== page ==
|Course||Patent Litigation Fundamentals - Law 655V|
|Instructor||Ronald Brown View Faculty Page|
|Units||3 - Graded|
Professor Bambauer's Patent Law course
Patent Litigation Fundamentals is designed for students who want to learn about patent litigation from either a litigation or business perspective. The course should appeal to students who are interested in technology-based litigation, those who are thinking of specializing in patent prosecution, as well as those who are interested in learning how to evaluate the risks and benefits associated with actual and potential patent suits from the perspective of a venture capitalist or business lawyer. No knowledge of patent law is expected or required, although Professor Bambauer's Patent Law course is recommended. A strong technical background is not necessary – I will explain in class the patents discussed in the course, to the extent they are directed to more than simple devices. This class will not focus on patent prosecution practice.
Format of Course:
Through lectures, class discussion, and written assignments, students taking the class will learn the fundamentals of patent litigation. By the conclusion of the course, they will have been exposed to, and learned how to handle at a basic level, those facets of patent litigation that are a central part of every patent case. The future patent prosecutor will develop an appreciation for how his/her patent will be scrutinized. The future litigator will acquire a basic understanding of the skills needed for patent litigation. The future business lawyer will better appreciate the considerations that are important when either representing or entering into a transaction with a technology-based company.
To make the learning process both effective and meaningful, the students will be exposed to patent litigation in the context of an actual lawsuit. Students will be divided into teams to represent either the patent holder or the putative infringer. They will represent their respective clients through each step of the litigation leading up to trial, including (as time permits):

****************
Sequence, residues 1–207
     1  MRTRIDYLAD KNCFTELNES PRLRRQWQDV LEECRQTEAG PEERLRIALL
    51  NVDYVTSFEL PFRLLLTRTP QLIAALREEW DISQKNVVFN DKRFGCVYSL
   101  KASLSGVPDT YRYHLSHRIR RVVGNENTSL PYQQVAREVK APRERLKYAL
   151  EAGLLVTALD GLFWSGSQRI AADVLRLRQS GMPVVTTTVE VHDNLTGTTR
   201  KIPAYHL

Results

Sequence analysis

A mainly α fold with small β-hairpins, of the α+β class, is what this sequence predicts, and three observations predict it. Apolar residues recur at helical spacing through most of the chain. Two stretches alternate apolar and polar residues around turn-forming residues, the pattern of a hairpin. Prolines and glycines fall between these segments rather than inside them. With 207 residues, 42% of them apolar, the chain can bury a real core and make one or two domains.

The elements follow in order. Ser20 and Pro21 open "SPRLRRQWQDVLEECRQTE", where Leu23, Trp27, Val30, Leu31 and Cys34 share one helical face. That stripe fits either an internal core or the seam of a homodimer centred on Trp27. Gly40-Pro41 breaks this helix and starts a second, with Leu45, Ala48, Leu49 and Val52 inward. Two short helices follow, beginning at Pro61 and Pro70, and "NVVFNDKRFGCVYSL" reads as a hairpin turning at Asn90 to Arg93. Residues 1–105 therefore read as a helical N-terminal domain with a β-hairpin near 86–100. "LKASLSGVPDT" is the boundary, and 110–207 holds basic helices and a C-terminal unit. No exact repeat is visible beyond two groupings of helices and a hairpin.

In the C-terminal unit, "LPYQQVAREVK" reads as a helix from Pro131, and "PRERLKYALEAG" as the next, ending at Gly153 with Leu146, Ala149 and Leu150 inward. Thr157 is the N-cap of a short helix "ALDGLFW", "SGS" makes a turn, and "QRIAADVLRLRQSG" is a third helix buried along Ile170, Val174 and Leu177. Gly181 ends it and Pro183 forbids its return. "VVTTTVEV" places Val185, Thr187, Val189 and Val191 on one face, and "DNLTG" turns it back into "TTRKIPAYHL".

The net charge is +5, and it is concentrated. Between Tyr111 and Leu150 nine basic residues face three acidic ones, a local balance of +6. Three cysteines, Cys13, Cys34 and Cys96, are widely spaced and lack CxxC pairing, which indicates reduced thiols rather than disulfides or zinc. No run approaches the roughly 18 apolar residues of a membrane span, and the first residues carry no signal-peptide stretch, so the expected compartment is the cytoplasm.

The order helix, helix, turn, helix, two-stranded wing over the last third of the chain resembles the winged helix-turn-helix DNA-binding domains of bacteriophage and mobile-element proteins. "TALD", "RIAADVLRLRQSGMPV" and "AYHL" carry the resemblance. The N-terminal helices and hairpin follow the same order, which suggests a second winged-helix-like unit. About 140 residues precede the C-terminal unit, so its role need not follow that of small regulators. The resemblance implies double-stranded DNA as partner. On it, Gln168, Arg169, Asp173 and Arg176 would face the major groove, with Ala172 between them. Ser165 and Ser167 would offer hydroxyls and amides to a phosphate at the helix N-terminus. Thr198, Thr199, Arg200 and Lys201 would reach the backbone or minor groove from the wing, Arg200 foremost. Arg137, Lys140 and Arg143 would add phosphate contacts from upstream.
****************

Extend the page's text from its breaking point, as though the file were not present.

• Reading a patent specification and claims and learning the distinction between "right to practice" and "right to exclude"
• Learning the basic ground rules for interpreting patent claims
• Acquiring an understanding of the accused device
• Performing the obligatory pre-suit investigation, including preliminary claim construction, infringement analysis, and validity analysis
• Drafting a Rule 11 opinion letter directed to the client
• Examining the factors important in making a decision about whether to advise your client to proceed with the lawsuit (assuming you represent the patentee)
• Preparing the complaint and answer, with a focus on what must be pleaded and how the allegations should be presented
• Revisiting validity by taking a closer look at what is "prior art" in the context of the patent-in-suit
• Preparing a final claim construction position and presenting it to the court in a Markman hearing
• Analyzing other defenses not based on prior art
• Conducting effective written discovery
• Conducting effective depositions
• Formulating a settlement position by addressing the probabilities of different outcomes
• Preparing the case for trial.
1) "Patent Law in a Nutshell (2d ed.)"
2) "Inspiration" software. Students can order Inspiration from Academic Superstore (academicsuperstore.com) for considerably less than the retail price.
3) Online readings drawn from the online course syllabus.
|Type of Exam||
|Basis for grading||
Grading will be based on weekly written assignments directed to the class lectures and readings, the mock Markman hearing, the mock deposition, and student participation.
This course is intended to simulate what it's like to work on a real case in a real law firm. The students will be treated the same as a typical law firm associate. Accordingly, the timely submission of weekly assignments will be expected.